In 1962, he immigrated with his family to Canada and worked from 1963 to 1968 as the manager of the Reindeer Station, for the Canadian Reindeer Project. His wife and daughter returned to Sweden and they divorced. In December 1967 he remarried to Norma Buchanan. They built a cabin named Arctic Mountain House to serve as a big game hunting lodge, and Johansson earned a pilot's license. Between 1967 and 1972, he spent summers chartering out his boat "North Star" for work in the Beaufort area and winters trapping near Arctic Red River. He also worked for the Geological Survey of Canada to study the Polar Continental Shelf.

In 1973 the family sailed from Inuvik bound for Vancouver. A year later, delayed by weather they arrived. In 1982 Johansson outfitted the cutter Belvedere for John Bockstoce for northern expeditions. In 1988 after several attempts Sven captained the Belvedere as the first private yacht to complete the Northwest Passage from west to east.

Sven Johansson was also an accomplished choreographer and theatrical inventor. He incorporated the Discovery Dance Society in Victoria in 1989 and won several awards nationally and internationally. Sven Johansson was invested as a member of the Order of Canada in 1994 and the Queen's Golden Jubilee Medal in 2002. He died in Victoria on October 17, 2019.

Corporate body

The Northwest Territories Options for Women group was formed in 1976. It was a group established to offer support and address issues pertaining to women such as single parenting, childcare and health care.

Corporate body · 1991-1993

In 1982, a plebiscite was held on the question of dividing the Northwest Territories. With the vote in favour of creating Nunavut, it became apparent that with division, two new governments would be established, one in the east and one in the west. Consequently, the Constitutional Alliance Committee, made up of the Nunavut Constitutional Forum and the Western Constitution Forum was created. The Constitutional Alliance ceased operations in 1990. However, a group of political leaders including MLAs, elected officials and ministers, leaders of the Dene Nation, the Metis Nation, the Gwich'in Regional Council and the Sahtu Regional Council, believed it was important that the Constitutional work continue.

In the spring of 1991, the Committee of Political Leaders, an informal group composed of representatives from the Government of the Northwest Territories and the major Indigenous organizations, gave the Commission for Constitutional Development a mandate to develop a comprehensive constitutional proposal for those regions of the Northwest Territories remaining after the creation of Nunavut for consideration by way of a plebiscite. The Commission was funded by the Government of the Northwest Territories through a contribution agreement.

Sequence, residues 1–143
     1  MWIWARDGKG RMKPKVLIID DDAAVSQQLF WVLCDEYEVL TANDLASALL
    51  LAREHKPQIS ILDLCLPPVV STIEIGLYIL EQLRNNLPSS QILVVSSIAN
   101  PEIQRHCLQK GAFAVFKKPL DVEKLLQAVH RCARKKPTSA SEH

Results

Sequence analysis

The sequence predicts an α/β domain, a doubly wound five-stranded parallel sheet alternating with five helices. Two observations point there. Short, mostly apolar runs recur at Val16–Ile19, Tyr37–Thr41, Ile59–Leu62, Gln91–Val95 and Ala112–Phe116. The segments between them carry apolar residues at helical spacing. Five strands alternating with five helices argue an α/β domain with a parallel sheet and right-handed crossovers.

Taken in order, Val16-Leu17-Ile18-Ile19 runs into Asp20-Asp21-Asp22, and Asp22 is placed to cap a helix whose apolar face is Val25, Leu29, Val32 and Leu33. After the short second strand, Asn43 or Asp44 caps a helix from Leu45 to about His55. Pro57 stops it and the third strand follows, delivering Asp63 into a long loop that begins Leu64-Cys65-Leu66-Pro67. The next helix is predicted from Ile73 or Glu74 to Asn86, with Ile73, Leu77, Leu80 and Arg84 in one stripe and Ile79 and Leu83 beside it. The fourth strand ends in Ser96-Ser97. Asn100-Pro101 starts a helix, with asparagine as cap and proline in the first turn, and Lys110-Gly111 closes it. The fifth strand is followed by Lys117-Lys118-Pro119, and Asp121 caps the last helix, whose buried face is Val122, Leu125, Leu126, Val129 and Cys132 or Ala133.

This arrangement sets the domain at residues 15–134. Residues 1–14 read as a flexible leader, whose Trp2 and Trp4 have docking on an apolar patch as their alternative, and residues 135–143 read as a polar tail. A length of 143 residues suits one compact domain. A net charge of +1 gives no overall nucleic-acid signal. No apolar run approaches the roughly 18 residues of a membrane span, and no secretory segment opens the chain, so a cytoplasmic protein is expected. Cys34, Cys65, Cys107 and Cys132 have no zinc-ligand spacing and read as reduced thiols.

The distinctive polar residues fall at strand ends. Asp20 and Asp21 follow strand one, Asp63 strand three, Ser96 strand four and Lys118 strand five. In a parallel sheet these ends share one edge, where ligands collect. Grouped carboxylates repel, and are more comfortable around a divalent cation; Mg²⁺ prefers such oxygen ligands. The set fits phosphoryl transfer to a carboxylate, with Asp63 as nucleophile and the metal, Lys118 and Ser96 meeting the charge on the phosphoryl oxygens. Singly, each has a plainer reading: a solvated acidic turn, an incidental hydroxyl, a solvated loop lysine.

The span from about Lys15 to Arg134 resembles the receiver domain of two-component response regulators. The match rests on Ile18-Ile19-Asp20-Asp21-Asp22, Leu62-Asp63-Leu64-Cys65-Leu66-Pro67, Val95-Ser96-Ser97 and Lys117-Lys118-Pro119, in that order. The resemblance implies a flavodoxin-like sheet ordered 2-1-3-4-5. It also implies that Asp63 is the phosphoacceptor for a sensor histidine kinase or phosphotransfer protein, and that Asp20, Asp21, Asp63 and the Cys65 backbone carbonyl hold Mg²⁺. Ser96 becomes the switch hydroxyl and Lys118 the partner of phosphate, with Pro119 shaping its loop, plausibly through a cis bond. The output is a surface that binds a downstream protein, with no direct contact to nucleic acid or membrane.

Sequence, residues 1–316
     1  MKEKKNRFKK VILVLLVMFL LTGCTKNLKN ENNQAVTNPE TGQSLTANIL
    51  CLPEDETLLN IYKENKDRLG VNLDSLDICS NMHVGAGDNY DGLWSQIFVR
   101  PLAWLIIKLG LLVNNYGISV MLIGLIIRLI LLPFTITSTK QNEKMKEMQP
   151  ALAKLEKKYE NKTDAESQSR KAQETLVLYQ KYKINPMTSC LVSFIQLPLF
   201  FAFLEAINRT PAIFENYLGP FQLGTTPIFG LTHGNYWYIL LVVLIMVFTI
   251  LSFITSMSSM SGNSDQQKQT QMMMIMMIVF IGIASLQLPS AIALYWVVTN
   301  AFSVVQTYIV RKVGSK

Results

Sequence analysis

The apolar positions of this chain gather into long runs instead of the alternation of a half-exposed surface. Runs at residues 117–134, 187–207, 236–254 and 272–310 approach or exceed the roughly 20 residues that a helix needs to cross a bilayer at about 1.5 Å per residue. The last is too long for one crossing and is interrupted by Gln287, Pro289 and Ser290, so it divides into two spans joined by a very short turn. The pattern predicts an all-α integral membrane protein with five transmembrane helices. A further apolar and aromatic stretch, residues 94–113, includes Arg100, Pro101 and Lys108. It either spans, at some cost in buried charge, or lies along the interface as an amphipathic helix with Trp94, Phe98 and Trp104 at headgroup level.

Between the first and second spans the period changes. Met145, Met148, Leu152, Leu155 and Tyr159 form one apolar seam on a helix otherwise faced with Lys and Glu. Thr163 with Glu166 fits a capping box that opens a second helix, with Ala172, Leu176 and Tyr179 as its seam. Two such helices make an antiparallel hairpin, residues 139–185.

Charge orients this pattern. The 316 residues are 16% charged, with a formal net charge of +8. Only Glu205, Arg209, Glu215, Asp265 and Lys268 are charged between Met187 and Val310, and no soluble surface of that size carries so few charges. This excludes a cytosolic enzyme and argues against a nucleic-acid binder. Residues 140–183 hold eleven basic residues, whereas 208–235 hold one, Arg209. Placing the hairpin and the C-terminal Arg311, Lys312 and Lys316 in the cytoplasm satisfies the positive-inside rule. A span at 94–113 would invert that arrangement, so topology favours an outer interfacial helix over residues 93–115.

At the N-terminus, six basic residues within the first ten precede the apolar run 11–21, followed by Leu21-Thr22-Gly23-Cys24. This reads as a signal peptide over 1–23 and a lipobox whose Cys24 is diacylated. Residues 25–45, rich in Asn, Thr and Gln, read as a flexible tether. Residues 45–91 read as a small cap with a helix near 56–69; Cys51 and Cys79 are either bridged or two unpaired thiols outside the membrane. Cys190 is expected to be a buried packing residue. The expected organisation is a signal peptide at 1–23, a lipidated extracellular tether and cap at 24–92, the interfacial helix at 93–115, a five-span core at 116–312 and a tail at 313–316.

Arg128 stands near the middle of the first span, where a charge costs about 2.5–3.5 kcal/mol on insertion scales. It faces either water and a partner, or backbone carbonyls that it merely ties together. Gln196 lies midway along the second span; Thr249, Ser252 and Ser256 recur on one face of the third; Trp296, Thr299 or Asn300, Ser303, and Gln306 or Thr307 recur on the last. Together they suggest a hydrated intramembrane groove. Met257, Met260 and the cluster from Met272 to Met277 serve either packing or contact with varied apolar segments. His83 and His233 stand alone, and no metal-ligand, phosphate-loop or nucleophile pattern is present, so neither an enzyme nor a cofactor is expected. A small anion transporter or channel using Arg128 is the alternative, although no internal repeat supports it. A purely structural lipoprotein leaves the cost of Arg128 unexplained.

Commission members included Jim Bourque (Chairperson), Richard Hardy, George Braden, Les Carpenter, Francois Paulette, and Bertha Allen. Four members and chairperson were appointed by the Committee of Political Leaders and one member was appointed by the Western members of the Legislative Assembly.

The Commission for Constitutional Development was Incorporated under the Societies Act in August 1991. Its objectives were: (a) To co-ordinate, manage and direct the financial affairs and organized public activities of its members in the development of a constitution for a government to be created in the western part of the Northwest Territories. (b) To initiate and co-ordinate independent research into topics related to political and constitutional development. (c) To prepare discussion papers and other background materials for dissemination to the public. (d) To solicit opinions and responses from the public and individuals on constitutional and political issues. (e) To prepare proposals for political and constitutional development and to print materials on constitutional issues for the public at large. (f) To initiate and co-ordinate public meetings and discussions on matters of political and constitutional development throughout the western part of the Northwest Territories. (g) To take such further action as the Commission deems appropriate to accomplish its objectives.

The Commission released a discussion paper “How Can We Live Together?” in the fall of 1991, to provide background information and stimulate debate. The first round of community hearings took place during November-December 1991. Funding was provided to interest groups to prepare submissions. The Commission released an interim report in February 1992, summarizing what had been heard so far and outlining ideas and recommendations. The second round of community hearings took place during March-April 1992. The Commission’s final report was released on April 24, 1992 and is known as the "Bourque Report".

No further work was undertaken and by late 1992, the Commission was in the process of wrapping up its affairs and requesting direction from the Committee of Political Leaders. Following a letter of direction from the Chairman of the Western Caucus of the Legislative Assembly, Fred Koe, the Commission made an extraordinary resolution to dissolve the Commission effective March 31, 1993. The work of developing a constitution and governmental structure for the Western part of the Northwest Territory was continued by the Committee of Political Leaders, which was renamed the Constitutional Development Steering Committee and expanded to include the original six Indigenous leaders, the fourteen western MLAs, a representative of women’s organizations, and three representatives of the Association of Western Tax Based Municipalities.